By Claire Zillman
May 22, 2018

By the time Jennifer Tejada and ­Jennifer Hyman joined the board of Estée Lauder in April, both were accustomed to being deluged with opportunities to claim a seat at the boardroom table. “Quite a few ­companies have approached me,” says Hyman, CEO of wardrobe-­rental startup Rent the Runway. Tejada, CEO of cloud-computing company PagerDuty, recalls fielding inbound inquiries multiple times a month. “Sometimes multiple times
a week,” she says.

It’s no wonder qualified female director candidates are being hounded. The all-male board is entering endangered species territory, as investors ratchet up demands that companies diversify and the #MeToo movement prompts a reexamination of women’s place in the business hierarchy.

NOTES: Board size and market cap as of 3/29/18. *These figures are percentage points.

But not all corporate ears are attuned to the cries for more female directors. Case in point: Twelve companies on the 2018 Fortune 500 lack a single female board member.

To be clear, these all-male bastions are outliers, with the trend going in the right direction. Five years ago there were 42 Fortune 500 companies without women directors; 10 years ago, 69.

It’s natural to look for commonalities among the holdouts, but few jump out. Four are in the energy sector, two are financial companies, and two operate in the food and beverage world. Three are based in New York City, three in Texas, and the rest are scattered around the country. Their employee headcounts range from 89,000 (Icahn) to a modest 1,607 (INTL FCStone).

The companies do, however, share one thing: a dearth of women in other top jobs. Among the 12 firms, there are just three women among the executives identified in Securities and Exchange Commission filings.

George Marks—Getty Images

The businesses themselves offer few explanations. Eleven of the 12 did not reply to Fortune’s requests for comment. Only CHS responded. A spokesperson said that the board of the agricultural cooperative is nominated and elected “exclusively by our farmer-owners.”

Fortune is, in a sense, calling out these companies by listing them here. But we are far from the first to blow the whistle. In March 2017 index-fund giant State Street Global Advisors re-upped the issue in dramatic fashion, planting its now famous Fearless Girl statue across from Wall Street’s Charging Bull as it demanded that companies add more women to their boards. Paula Loop, head of PwC’s Governance Insights Center, says that move was “a really big deal”—in part because of what happened next.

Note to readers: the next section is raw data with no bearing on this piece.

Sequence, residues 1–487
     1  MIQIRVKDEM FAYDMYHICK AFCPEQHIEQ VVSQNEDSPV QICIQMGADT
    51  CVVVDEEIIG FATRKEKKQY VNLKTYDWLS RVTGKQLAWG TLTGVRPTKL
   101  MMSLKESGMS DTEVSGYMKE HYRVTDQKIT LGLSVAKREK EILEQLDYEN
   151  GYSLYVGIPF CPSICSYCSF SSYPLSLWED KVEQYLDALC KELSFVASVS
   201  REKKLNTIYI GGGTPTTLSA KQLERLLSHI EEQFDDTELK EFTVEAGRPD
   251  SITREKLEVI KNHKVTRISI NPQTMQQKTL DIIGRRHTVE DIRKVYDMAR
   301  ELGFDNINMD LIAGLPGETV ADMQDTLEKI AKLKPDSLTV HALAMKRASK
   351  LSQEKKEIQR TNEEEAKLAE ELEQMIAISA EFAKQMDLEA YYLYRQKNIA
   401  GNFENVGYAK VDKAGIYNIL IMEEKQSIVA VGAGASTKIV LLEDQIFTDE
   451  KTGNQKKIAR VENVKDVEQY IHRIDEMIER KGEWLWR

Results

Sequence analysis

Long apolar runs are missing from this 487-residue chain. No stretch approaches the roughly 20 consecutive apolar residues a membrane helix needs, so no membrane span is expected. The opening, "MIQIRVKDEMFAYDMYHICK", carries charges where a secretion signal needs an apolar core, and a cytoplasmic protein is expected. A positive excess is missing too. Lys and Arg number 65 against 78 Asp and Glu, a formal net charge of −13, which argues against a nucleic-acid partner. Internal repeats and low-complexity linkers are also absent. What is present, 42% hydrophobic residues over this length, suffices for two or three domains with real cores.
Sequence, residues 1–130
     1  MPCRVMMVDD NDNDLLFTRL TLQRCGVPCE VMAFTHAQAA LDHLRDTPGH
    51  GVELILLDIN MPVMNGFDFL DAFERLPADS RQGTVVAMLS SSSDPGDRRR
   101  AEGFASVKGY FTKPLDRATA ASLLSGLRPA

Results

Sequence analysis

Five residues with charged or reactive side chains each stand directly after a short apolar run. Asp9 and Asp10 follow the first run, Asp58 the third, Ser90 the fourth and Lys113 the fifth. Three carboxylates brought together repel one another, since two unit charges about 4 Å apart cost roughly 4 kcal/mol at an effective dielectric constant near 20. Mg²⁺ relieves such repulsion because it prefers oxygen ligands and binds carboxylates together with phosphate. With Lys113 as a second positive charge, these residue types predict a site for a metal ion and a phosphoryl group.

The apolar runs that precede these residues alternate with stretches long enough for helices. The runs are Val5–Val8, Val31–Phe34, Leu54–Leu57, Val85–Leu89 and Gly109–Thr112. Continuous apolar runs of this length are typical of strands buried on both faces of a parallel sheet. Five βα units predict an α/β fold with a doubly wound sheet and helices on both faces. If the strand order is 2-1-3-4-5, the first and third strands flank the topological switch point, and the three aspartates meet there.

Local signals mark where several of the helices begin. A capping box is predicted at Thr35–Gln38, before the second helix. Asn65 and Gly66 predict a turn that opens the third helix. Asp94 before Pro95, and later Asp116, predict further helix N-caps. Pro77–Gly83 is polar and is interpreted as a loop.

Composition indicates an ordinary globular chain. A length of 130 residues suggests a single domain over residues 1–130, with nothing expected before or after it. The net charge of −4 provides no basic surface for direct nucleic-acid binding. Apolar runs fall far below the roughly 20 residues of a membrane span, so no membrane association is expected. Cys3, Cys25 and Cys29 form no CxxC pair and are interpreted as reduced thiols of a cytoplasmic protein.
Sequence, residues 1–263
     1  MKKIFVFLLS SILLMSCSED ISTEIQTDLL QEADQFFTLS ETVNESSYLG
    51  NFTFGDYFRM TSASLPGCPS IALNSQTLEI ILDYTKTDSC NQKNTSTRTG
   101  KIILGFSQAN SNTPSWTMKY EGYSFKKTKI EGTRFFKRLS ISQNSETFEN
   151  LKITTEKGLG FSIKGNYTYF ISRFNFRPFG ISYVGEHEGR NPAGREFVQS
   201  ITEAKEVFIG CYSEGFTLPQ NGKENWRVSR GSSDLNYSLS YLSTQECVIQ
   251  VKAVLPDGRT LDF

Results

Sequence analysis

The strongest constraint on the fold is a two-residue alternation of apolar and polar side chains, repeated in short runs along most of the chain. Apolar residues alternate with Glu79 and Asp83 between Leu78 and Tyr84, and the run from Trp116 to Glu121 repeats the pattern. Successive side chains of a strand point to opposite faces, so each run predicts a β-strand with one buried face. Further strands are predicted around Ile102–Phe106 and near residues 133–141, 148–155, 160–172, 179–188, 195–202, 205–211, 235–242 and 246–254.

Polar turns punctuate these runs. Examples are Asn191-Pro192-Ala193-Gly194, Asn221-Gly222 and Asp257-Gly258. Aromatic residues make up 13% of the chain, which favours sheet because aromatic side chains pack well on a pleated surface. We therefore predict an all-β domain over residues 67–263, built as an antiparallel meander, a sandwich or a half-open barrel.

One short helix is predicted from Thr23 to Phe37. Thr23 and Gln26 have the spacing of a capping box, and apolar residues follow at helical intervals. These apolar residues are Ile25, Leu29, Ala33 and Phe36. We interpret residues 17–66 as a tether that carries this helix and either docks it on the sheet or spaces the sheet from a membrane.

In August 2017 passive investor Vanguard cited gender diversity in its demand that U.S. companies improve their governance. BlackRock, the world’s largest money manager, issued a similar warning five months later, stating publicly for the first time that the companies it invests in should have at least two female directors. In the U.S., says Loop, such investor pressure is now assuming a similar role to the one played by quotas in countries like France, Germany, and Italy, where women must account for a federally mandated share of board seats.

According to the investors, diverse boards are key to business success. State Street and Vanguard cite studies that show companies with more women directors outperform rivals without them. BlackRock argues that diverse groups make better decisions, a stance backed by research that finds that nonhomogenous teams are more likely to reexamine facts and maintain objectivity.

Katherine Klein, a Wharton professor, says meta-analysis shows a “tiny but positive” association between board diversity and financial performance, but she takes issue with the burden such studies foist on women. We don’t ask men to prove that simply adding them to a company’s board will boost its performance, she notes.

In this case, seven of the companies underperformed the Fortune 500 in total returns over the past five years. (CHS is private, Plains GP went public in 2013, and the remaining three had better returns.)

For some, the issue also has an ethical dimension. When New York State Comptroller Thomas DiNapoli announced in March that the state’s common retirement fund would vote on directors based on their boards’ gender makeup, he called it “unconscionable” that some companies still have no female directors.

But the 488 Fortune 500 companies not mentioned here should not necessarily assume moral high ground. Firms on the 2018 ranking control a combined $21.6 trillion in market value in a nation that’s 51% female. Yet as of March 31, just three boards on this year’s list had reached gender parity or better, according to Equilar. Estée Lauder’s board is nearing that esteemed territory. With Tejada and Hyman, its female representation reached 47%.

This article originally appeared in the June 1, 2018 issue of Fortune.

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